Lydia Ann Reed

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Lydia Ann Reed (Kirkpatrick)

Also Known As: "Custer"
Birthdate: (80)
Death: June 27, 1906 (80)
Place of Burial: Monroe, Monroe County, Michigan, United States
Immediate Family:

Daughter of Israel Reed Kirkpatrick and Marie Ward
Wife of David Reed
Mother of Autie Reed; Maria E. Reed; Lilla Belle Reed; Emma Calhoun and Harry 'Autie' Armstrong Reed
Sister of David Kirkpatrick
Half sister of Samuel Custer; General George Armstrong Custer; Lydia Ward Custer; James Custer; Nevin Johnson Custer and 4 others

Managed by: Private User
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About Lydia Ann Reed

Mrs. Reed was, in reality, the half-sister of the General George Armstrong, her maiden name being Lydia Ann Kirkpatrick. But the affection for him and his brother and sister was so strong that they always regard each other as though she were their own sister. She was born in New Rumley, Harrison county, O., October 9, 1825. At the age of 21 years she was married to Mr. Reed and with him moved to Monroe directly after their marriage. Of the four children born to them, a third died in infancy and the other, George Armstrong Reed, was one of the unfortunates in the Custer massacre, in which, besides the general and her son, the savage Sioux also robbed her of her younger brother Boston and an older brother, Capt. Tom Custer, and also her sister's husband, Lieut. James Calhoun. Her son, known to this day by the pet name of "Autie" Reed and her younger brother known as "Bos", were 19 and twenty years old respectively and were not enlisted men in the regiment. A day's visit by the general in this city had fired them with the desire to go with him to the West and take part in the campaign against the Sioux that it was known would soon begin. The general did not urge them, but as nothing serious was feared, he said: "If your mother is willing, Autie, come along." One lad would not go without the other and so they started gaily for the West.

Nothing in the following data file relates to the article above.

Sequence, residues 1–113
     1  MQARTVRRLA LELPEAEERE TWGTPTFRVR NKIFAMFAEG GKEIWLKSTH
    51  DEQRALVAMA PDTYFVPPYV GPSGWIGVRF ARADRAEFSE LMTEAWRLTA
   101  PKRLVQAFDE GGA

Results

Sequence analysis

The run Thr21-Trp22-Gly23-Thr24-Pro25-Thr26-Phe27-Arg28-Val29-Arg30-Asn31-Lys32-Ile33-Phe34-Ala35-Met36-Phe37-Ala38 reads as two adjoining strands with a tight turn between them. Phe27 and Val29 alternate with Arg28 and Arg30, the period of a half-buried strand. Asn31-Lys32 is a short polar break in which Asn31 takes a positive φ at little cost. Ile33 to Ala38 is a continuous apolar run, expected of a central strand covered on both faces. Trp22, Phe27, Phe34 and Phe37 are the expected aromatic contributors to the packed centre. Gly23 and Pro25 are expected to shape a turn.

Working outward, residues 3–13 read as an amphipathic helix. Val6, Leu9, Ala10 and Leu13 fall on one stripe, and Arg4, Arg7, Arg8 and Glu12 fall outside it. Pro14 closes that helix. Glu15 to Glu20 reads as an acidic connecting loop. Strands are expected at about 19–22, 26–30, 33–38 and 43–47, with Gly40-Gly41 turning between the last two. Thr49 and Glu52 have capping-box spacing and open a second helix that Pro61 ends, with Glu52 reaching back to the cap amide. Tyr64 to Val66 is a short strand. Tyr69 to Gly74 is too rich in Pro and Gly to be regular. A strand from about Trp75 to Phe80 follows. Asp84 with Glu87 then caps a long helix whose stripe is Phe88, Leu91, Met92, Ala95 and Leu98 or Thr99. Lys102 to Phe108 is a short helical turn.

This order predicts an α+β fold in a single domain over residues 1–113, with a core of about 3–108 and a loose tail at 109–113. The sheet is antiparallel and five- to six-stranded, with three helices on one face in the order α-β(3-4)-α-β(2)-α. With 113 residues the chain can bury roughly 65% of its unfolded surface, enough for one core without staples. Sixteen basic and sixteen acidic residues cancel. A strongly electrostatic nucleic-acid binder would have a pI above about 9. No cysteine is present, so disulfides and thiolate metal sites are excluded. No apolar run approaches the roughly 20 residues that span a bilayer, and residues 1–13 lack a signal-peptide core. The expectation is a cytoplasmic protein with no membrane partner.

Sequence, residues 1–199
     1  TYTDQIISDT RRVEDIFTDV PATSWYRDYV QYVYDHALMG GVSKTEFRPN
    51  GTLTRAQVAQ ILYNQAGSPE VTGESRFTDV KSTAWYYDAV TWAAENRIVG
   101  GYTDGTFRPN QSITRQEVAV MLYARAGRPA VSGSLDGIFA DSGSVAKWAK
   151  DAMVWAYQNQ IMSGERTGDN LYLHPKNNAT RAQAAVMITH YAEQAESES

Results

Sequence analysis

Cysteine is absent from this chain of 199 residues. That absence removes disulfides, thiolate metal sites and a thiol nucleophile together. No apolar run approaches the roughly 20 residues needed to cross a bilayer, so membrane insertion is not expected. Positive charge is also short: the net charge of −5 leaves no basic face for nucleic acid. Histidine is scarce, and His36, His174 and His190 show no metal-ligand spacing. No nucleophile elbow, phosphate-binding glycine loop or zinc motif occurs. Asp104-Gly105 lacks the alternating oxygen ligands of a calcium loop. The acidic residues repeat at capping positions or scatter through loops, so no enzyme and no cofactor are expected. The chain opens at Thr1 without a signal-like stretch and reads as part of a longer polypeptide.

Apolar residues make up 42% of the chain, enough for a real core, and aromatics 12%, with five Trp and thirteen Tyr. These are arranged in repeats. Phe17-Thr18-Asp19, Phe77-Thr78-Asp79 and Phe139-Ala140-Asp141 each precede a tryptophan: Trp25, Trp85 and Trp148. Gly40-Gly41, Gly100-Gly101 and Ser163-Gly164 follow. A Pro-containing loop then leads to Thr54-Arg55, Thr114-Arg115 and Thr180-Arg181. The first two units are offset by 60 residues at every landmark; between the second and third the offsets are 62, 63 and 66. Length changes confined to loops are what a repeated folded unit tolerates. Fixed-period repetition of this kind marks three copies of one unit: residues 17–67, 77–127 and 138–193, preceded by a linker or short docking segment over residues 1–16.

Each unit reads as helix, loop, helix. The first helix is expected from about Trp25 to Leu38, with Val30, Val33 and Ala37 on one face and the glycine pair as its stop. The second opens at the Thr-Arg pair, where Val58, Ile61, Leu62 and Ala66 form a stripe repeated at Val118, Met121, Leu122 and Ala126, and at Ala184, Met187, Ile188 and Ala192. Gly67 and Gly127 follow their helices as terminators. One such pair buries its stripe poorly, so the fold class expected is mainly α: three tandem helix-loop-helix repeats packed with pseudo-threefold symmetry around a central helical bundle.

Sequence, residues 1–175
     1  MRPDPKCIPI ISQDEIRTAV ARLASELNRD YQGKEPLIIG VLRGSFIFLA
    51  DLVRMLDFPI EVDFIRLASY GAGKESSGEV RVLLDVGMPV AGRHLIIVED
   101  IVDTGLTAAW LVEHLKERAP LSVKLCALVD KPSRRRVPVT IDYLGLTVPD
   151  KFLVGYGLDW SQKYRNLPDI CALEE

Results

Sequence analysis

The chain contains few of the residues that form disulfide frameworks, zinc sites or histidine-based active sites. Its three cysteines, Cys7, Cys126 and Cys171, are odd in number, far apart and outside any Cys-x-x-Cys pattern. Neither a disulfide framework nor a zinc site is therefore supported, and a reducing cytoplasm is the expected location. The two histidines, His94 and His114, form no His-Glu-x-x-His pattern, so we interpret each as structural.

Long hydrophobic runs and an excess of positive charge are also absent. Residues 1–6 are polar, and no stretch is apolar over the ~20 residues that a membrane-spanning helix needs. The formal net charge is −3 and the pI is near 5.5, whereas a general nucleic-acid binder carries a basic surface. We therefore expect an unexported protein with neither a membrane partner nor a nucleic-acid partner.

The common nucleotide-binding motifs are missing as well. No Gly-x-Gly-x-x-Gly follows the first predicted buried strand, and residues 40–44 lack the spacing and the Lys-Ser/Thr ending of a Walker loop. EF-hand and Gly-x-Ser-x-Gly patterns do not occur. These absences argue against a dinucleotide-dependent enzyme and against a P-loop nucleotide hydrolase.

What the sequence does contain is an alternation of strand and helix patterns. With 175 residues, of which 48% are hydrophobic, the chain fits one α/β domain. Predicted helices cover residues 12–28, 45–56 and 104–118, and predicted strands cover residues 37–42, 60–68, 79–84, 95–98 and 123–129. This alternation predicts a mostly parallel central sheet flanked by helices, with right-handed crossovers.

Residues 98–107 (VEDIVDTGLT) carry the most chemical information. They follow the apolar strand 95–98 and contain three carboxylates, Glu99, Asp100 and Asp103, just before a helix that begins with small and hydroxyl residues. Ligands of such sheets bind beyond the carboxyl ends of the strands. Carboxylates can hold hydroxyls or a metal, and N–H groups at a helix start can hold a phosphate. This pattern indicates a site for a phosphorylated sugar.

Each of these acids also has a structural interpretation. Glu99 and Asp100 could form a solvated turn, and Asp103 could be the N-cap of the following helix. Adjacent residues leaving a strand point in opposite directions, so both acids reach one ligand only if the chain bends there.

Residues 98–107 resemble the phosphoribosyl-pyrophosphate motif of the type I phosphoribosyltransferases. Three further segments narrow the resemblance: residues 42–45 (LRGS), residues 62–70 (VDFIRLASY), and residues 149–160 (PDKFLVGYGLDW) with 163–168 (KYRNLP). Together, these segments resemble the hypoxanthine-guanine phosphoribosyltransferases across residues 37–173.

The human mind cannot picture the soul agony and shock dealt Mrs. Reed when shortly afterward, early in July, 1876, came the crushing news of the annihilation of Custer's regiment by the Indian hordes. Bearing up with remarkable courage, she none the less never recovered fully from the blow. Never very robust, her health required constant attention during the thirty years that have elapsed since then. Always deeply religious, quiet and unostentatious, she became doubly so thereafter. She cared little for the world's pleasure, but found her chief enjoyment in church and charitable work and in domestic duties. Modest and unassuming as she was, her acts of charity were performed without the knowledge of even her intimate friends. There were several charitable movements that she favored and every year, at regular intervals, she sent generous contributions of money, giving it to a friend and making her promise not to reveal her name. This wish was carried out and until her death removed the need of concealment, it is safe to say that scarce half a dozen people knew of her kindnesses to the poor, and many a family in urgent need has been relieved by her gifts, without having any idea as to the identity of the angel of mercy who was aiding them.

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Lydia Ann Reed's Timeline

October 9, 1825
August 7, 1848
Age 22
April 6, 1854
Age 28
July 30, 1856
Age 30
April 27, 1858
Age 32
Monroe, Monroe, Michigan, United States
April 27, 1858
Age 32
June 27, 1906
Age 80
Monroe, Monroe County, Michigan, United States